Steve Farrell is the Founder and Editor-In-Chief of The Moral Liberal, one of the original pundits with NewsMax.com (1999-2007), and the author of the inspirational novel Dark Rose. Steve also served as Press Agent for Defend Marriage, Managing Editor of Right Magazine, and is currently also serving as the Editor-In-Chief of the Center for Applied Philosophy’s, “Radical Academy,” a restoration project of The Moral Liberal. Steve’s projects at the Moral Liberal include Liberty Letters, Called Unto Liberty, They Were Believers, Founders Corner Library, the Americanist.

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319 – Nov. 15 – This Day in Baptist History Past


 

Baptists in Brazil persecuted but prevail

 

1889 – The Republic of Brazil was proclaimed and they adopted a constitution patterned after that of the U.S., and freedom of religion was included. However, in 1930 the nation fell under a dictatorship that lasted through the Second World War. Following the war, political pressures both in Brazil and around the world forced the leaders to adopt a democratic form of government, and a national election was held on Dec. 2, 1945. Several attempts to establish Protestantism had been made as early as the days of John Calvin. Under great pressure these were expelled in 1567. In time gospel preachers came with the Dutch colonists, and in 1810 German Lutherans were permitted to propagate their faith. There was an effort to reestablish the Roman Catholic Church as the state religion in 1925, but public opinion opposed such a move. In 1850 the Southern Baptists transferred Rev. T.J. Bowen from Yoruba, Africa to Brazil but their health demanded retirement from missionary service. Finally on Oct. 12, 1871, the Foreign Mission Board of Richmond sent missionaries to assist and on Jan. 13, 1881, Rev. and Mrs. W.B. Bagby sailed from Baltimore, and forty-eight days later anchored in the Bay of Rio as the first Baptist missionaries to that field. On March 4, 1882, Rev. and Mrs. Z.C. Taylor, the second couple, were sent. They experienced great blessings one of which was to meet a converted priest. Persecution came mainly from the Catholic Church. There were many arrests, throwing of stones, two criminal mobs shooting at each other while the preachers escaped, and many other escapades but the work still grew. [A.R Crabtree, Baptists in Brazil (Rio de Janeiro: Baptist Publishing House, 1953), pp. 79-80. This Day in Baptist History II: Cummins and Thompson, BJU Press: Greenville, S.C. 2000 A.D. pp. 624-26.]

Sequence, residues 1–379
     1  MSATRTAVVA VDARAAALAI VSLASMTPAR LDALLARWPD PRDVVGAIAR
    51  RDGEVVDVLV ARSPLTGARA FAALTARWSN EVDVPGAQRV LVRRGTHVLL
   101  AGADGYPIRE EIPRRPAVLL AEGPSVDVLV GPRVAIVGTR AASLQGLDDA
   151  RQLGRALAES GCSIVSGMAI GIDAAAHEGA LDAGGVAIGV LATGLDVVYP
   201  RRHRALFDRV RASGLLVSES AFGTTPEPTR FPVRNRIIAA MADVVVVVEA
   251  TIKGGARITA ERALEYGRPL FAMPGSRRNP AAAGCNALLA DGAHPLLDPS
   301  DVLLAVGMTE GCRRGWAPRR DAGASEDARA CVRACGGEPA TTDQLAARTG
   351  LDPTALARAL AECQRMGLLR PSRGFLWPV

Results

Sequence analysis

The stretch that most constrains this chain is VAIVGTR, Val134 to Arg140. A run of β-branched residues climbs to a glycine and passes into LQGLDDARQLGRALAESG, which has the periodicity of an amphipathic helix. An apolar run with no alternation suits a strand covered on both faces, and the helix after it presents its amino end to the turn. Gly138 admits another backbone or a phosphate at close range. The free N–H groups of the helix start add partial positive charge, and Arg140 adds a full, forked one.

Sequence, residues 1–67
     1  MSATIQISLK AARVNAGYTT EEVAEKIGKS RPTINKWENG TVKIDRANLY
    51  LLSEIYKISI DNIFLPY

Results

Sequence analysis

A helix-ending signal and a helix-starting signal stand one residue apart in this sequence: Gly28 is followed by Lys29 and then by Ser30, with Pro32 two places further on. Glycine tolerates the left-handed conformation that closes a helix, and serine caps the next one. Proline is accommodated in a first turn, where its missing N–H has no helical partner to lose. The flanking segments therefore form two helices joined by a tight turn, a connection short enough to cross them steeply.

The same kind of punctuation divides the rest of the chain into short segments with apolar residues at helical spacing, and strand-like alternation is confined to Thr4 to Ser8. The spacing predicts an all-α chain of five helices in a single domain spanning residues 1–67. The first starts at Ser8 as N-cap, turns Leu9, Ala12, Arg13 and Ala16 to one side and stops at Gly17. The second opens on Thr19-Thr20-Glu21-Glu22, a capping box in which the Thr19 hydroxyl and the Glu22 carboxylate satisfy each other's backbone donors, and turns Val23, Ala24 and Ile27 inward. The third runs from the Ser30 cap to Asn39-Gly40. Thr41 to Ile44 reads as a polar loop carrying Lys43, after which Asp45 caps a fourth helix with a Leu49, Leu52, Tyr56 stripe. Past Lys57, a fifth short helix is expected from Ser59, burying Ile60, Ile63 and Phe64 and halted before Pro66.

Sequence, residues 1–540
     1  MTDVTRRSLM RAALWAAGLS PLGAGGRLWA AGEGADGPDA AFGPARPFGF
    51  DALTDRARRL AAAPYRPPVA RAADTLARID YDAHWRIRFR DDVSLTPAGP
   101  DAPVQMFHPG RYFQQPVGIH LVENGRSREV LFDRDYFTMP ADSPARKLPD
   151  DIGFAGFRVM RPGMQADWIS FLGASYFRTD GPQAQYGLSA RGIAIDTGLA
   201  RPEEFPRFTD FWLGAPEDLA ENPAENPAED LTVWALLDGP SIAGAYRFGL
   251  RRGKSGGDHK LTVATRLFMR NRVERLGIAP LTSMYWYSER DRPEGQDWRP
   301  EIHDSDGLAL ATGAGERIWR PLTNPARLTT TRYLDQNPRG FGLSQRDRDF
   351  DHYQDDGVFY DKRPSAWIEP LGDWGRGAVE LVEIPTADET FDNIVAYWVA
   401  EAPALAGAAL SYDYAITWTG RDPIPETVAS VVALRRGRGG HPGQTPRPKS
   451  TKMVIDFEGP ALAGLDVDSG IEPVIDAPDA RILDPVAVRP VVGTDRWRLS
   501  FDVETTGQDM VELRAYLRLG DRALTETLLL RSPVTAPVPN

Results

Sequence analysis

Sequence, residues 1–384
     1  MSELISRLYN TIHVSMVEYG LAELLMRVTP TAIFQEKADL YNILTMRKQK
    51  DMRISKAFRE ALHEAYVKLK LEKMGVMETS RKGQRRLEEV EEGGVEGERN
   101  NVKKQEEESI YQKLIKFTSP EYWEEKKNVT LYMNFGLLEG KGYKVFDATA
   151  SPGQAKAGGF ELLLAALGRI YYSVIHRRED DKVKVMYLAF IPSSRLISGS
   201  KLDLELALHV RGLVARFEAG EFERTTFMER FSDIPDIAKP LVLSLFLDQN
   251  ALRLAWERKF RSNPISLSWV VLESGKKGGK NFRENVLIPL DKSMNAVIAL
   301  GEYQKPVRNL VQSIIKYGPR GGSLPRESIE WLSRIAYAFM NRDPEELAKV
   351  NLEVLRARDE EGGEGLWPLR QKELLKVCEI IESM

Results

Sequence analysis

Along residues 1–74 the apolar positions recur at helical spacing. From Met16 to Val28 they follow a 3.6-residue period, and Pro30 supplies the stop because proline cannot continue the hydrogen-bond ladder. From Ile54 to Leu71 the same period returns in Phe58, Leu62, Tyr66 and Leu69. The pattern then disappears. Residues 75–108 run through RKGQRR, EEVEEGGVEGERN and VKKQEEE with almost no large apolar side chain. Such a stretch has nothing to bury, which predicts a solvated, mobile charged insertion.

Prepared by Dr. Greg J. Dixon

 

The post 319 – Nov. 15 – This Day in Baptist History Past appeared first on The Trumpet Online.